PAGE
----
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NFL

Do NFL teams have team nurses? How much do the medical personnel get paid?

Have you ever wondered about the medical staff on the sidelines in the NFL? We take a look at the career and earning potential of team doctors and trainers

Update:
Nov 7, 2021; Jacksonville, Florida, USA;  Jacksonville Jaguars quarterback Trevor Lawrence (16) leaves the game with an injury in the first half against the Buffalo Bills at TIAA Bank Field. Mandatory Credit: Nathan Ray Seebeck-USA TODAY Sports
Nathan Ray SeebeckUSA TODAY Sports

We all just called him “Doc”. Before and after every practice, every game, we would line up outside his office and have our wrists or ankles taped up. I started this ritual when, as a sophomore in high school, I tore a tendon in my left thumb. A young student named Johnny followed him around and buzzed amongst us at Friday night games, a belt that held water bottles and tape and scissors dangling around his waist. I asked him once what he wanted to do after high school and he told me flatly that he was going to study sports medicine and be a team trainer. “Didn’t you ever want to play?” I asked him. “No, this is what interests me.” No hesitation in his voice, no wavering in his gaze. He definitely meant it.

East Ascension High School was no different than any other in the country. There would have been tens of thousands of scenes like these played out in every corner of North America. At the time, we football players didn’t really think too much about Johnny’s career prospects. We were going to get a scholarship to a Division 1 school, and then drafted into the NFL. That was our career path laid out before us. In the end, only about 20% of the team went on to play college football, only three at Division 1 level, and of all the hundreds of guys I played with or against, only one made it to the NFL. The rest of us drifted into other career options, other sports, and moved on with our lives. I lost touch with Johnny and never knew what became of him. But if I were a betting man, I would lay my money on him coming closer to realizing his dream than any of us did ours.

Studying sports medicine would definitely have put him on the right track. He may have wanted to work at the high school level or perhaps for an NCAA program, but if we assume that Johnny wanted to practice sports medicine at the top level, he would have been looking to join an NFL team medical staff. According to the NFL Physician Society, every game will involve 29 medical professionals, both on the sidelines and inside the stadium itself.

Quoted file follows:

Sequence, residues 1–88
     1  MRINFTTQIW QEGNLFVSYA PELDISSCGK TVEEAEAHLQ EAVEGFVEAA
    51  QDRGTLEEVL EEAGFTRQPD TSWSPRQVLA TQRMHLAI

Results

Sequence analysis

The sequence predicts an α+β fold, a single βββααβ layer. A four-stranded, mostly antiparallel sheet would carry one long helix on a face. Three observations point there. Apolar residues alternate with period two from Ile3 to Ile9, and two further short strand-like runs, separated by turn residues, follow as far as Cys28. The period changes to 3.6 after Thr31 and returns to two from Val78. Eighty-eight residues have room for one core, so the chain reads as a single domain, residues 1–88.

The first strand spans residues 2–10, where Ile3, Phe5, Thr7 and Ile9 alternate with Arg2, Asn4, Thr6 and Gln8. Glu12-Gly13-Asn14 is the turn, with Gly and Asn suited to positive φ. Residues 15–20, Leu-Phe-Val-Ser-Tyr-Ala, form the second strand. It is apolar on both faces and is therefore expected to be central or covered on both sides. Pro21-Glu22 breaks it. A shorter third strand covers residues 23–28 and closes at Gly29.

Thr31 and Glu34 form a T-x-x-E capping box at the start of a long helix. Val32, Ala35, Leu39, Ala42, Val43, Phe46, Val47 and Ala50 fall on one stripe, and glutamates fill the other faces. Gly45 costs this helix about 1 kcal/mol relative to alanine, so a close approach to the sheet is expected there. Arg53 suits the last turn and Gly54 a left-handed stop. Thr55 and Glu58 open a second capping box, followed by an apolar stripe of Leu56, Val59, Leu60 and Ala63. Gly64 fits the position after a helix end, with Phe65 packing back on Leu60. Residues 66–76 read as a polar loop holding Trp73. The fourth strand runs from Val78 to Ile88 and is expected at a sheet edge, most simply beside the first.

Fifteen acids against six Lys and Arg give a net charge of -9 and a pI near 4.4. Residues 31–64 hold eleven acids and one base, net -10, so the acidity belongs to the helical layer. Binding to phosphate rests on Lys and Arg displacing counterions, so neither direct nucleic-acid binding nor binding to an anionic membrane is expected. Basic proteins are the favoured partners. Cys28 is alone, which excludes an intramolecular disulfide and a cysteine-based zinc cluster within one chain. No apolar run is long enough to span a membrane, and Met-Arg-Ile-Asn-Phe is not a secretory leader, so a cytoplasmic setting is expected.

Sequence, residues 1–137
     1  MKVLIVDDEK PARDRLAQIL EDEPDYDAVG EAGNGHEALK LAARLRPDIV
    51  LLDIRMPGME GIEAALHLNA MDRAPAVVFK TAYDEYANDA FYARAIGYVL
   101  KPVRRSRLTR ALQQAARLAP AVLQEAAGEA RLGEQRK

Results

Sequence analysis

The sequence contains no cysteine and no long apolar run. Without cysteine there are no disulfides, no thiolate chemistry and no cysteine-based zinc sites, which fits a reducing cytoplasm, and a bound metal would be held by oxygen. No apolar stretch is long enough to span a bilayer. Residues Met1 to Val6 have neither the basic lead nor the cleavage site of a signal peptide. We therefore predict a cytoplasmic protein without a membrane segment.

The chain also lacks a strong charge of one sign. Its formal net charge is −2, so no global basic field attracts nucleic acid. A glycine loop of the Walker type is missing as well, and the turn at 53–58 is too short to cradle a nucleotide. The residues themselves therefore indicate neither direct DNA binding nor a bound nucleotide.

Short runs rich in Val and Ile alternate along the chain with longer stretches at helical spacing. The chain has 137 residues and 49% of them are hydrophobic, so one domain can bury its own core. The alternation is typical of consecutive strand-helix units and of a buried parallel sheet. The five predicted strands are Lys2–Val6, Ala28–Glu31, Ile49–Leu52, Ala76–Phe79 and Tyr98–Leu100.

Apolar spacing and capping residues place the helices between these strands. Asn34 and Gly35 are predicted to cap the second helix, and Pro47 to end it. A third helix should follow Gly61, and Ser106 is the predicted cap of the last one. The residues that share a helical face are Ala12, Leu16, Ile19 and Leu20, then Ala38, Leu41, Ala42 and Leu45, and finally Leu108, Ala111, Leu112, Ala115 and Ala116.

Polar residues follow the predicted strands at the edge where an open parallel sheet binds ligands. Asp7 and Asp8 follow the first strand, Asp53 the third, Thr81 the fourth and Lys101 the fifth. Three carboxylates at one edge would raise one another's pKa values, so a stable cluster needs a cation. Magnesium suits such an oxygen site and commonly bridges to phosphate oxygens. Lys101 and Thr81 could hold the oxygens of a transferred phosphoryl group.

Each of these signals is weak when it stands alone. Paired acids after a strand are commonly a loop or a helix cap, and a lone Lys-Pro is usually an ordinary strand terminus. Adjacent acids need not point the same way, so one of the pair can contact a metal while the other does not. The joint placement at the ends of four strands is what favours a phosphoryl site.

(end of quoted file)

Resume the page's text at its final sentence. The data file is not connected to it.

The team doctor

The roles involved may surprise you. For example, would you immediately associate NFL stadium medical staff with dentistry? No, neither would I. But of course if you are the player who just had his teeth knocked out, you would definitely want a dentist to be handy. The same applies to the stadium ophthalmologist or the radiologist. In fact, of the 29 game-day medical staff, only four are definitely primary care physicians. The rest are highly specialized medical professionals; two neurologists, one airway management physician, two chiropractors, four orthapedists. And these team doctors, for licensed medical doctors they are, can earn in the range of $200,000 and $512,500 per year. If they are working in an NFL medical facility it can be even more. Of course, just as any doctor in the country, the NFL doctors must have completed four years of undergraduate study, four years of medical school, four to five years of residency and normally at least one year of fellowship training.

But what if you aren’t a doctor? Are there other openings for nurses, paramedics, physiotherapists? This is fact makes up the largest group of medical staff in the NFL. In any game are the ten athletic trainers, four for each team and two independent.

What is an athletic trainer?

An athletic trainer is a health care professional who specializes in sports medicine, rehabilitative care, physical therapy, and preventative care. They may have a degree in athletic training, exercise physiology or kinesiology, or may have trained initially as a nurse before moving on to sports medicine as a speciality. Generally, the athletic trainer will hold a Bachelor’s, or more commonly a Master’s Degree in nursing and one or several specialities. If Johnny went down the road of plying his trade for an NFL team, he would have expected to earn between $75,000 and $100,000 per year.

Like all medical staff, athletic trainers are required to stay current in their skills, meaning regular Professional Development Courses and training are part of the job. They will work often 12-hour days throughout the year and travel with the team throughout the season. And one thing that has changed, for the better I hasten to add, since my high school days talking to Johnny as Doc wrapped by wrist, is that more and more women are working in on-field medical roles.

Perhaps the greatest key indicator for the career progression towards athletic trainer is the projected employment numbers. The field is expected to grow by 23% in the coming decade and the NFL is only one outlet. In addition to every professional sport making use of their skill set, MLB, NBA, and NHL for example, every one of those sports needs staffing at the college and high school level. And outside of the team-based or league-based jobs, recreational and sports centers as well as public and private hospitals are also employing athletic trainers. It looks like Johnny’s career plan was certainly more sound than our “poke-and-hope” approach to making it to the NFL. If I were advising my child today, I would tell them to put away the shoulder pads and start focusing on sports medicine.

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